We’re talking about social media that drives results for your business: real, tangible, measurable results. While it’s important to understand that social media can play a big role in your inbound marketing and lead generation strategies, it’s equally important to remember that it’s still only a tool in your toolbox. It’s not THE tool. With that caveat in mind, let’s dive into some of the examples of how you can use social media to drive leads for your business even in a more traditional landscape like that of construction and building products.

Identifying Your Target Audience

First and foremost, you have to know who you’re talking to, why they may want to hear from you, and what you can specifically offer them as some sort of a solution. Again, it seems pretty obvious, right? You’ve baked in this same sort of thinking across the rest of your marketing strategies, and it’s just as essential across the social landscape. Don’t forget about it.

Ask yourself where your audience is spending their time online, and which platform or platforms they are engaging in certain activities. Creating a persona is an easy way to visualize how you can target someone across different platforms.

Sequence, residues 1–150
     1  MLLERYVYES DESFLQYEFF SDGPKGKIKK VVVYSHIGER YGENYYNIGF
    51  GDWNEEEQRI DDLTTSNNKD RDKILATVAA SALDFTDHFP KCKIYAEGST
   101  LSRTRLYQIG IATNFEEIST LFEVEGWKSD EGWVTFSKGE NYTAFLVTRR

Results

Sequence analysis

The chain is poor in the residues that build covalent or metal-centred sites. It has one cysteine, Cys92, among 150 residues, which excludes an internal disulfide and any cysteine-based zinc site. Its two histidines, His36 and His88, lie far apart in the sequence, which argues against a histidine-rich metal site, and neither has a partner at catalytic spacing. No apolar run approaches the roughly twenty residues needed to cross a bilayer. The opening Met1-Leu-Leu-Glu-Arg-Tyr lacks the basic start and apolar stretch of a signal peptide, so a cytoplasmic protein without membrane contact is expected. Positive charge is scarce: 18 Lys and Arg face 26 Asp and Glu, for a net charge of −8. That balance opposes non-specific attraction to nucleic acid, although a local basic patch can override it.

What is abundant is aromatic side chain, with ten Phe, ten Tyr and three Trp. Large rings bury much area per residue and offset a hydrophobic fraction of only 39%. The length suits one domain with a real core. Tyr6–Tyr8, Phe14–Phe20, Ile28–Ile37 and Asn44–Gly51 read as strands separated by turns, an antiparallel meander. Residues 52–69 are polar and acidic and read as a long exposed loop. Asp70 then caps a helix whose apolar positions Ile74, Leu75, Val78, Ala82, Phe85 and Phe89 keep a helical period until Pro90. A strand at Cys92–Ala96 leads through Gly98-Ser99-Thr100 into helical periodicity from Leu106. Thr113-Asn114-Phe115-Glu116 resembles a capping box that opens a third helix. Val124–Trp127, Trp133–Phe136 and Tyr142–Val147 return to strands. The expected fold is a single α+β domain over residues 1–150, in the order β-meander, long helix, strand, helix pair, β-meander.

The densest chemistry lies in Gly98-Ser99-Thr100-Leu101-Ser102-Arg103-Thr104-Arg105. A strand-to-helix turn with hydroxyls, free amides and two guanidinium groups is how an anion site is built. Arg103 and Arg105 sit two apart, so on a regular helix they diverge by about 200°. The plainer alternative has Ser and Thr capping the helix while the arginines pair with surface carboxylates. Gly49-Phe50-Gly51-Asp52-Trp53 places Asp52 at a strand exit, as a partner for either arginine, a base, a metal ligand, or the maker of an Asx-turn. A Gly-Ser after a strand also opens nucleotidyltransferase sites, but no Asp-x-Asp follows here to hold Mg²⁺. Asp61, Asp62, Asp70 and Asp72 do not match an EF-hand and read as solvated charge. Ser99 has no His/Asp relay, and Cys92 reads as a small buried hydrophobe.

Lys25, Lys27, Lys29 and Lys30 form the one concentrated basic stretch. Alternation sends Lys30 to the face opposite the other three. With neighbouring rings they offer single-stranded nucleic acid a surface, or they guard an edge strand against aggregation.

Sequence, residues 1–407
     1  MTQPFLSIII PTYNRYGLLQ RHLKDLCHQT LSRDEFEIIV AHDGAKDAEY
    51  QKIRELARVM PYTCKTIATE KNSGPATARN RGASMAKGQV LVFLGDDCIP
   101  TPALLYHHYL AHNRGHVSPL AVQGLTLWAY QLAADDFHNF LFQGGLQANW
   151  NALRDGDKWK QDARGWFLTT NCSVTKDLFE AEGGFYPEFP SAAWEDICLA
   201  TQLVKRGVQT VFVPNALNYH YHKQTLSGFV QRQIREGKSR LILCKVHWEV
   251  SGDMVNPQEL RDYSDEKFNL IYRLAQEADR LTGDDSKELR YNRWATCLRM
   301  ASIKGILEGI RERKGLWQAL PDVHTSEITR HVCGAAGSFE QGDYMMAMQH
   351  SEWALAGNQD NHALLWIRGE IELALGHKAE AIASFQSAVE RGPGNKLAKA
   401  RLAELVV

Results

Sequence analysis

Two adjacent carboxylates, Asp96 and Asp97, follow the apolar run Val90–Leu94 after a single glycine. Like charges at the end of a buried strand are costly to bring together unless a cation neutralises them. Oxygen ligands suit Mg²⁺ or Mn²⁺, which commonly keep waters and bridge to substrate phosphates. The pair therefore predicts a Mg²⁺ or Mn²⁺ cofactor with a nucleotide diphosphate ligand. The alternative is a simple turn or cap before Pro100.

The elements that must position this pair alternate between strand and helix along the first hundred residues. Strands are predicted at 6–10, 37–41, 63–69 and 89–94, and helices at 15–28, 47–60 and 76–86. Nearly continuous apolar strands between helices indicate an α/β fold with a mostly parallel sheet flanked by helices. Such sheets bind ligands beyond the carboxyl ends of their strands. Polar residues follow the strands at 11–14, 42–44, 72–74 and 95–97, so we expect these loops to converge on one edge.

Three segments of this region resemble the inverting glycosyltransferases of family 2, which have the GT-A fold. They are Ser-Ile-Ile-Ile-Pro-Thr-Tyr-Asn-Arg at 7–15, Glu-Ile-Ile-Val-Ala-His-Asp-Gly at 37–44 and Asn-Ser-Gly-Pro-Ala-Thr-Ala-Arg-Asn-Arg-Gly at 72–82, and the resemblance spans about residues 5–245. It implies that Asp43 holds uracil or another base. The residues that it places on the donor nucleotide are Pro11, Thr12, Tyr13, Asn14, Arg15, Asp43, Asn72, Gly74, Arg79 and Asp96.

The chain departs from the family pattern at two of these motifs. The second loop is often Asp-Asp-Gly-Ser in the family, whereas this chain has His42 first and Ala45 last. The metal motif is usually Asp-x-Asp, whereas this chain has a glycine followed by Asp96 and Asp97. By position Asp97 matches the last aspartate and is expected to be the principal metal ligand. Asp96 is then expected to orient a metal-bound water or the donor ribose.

Let’s say Bill, a 46-year-old contractor, spends most of his time on Facebook skimming through humorous posts from friends, reading up on his favorite sports team, and stumbling across some recipes that he wishes his wife would consider making–mmm, bacon wrapped anything. Basically, he’s on Facebook to escape the world around him and hopefully find a little entertainment in the palm of his hand. When he’s feeling more inspired and gung-ho about his work, maybe he pops open the LinkedIn app, where he participates in group discussions with fellow construction industry members. He primarily uses Twitter while he’s watching his favorite HGTV shows. He’s on Instagram, but only to monitor what his 13-year-old daughter is posting. He watches a ton of YouTube videos though–mostly for DIY projects and product reviews.

Given Bill’s behaviors, it’s easy to see what social platforms rise to the top. Now, of course this is just a simple example that’s not meant to be a generalization of your entire community and audience. The main point is you need to spend time examining not only who your audience is, but their habits too. That’ll naturally help you formulate the types of content you produce.

Content Marketing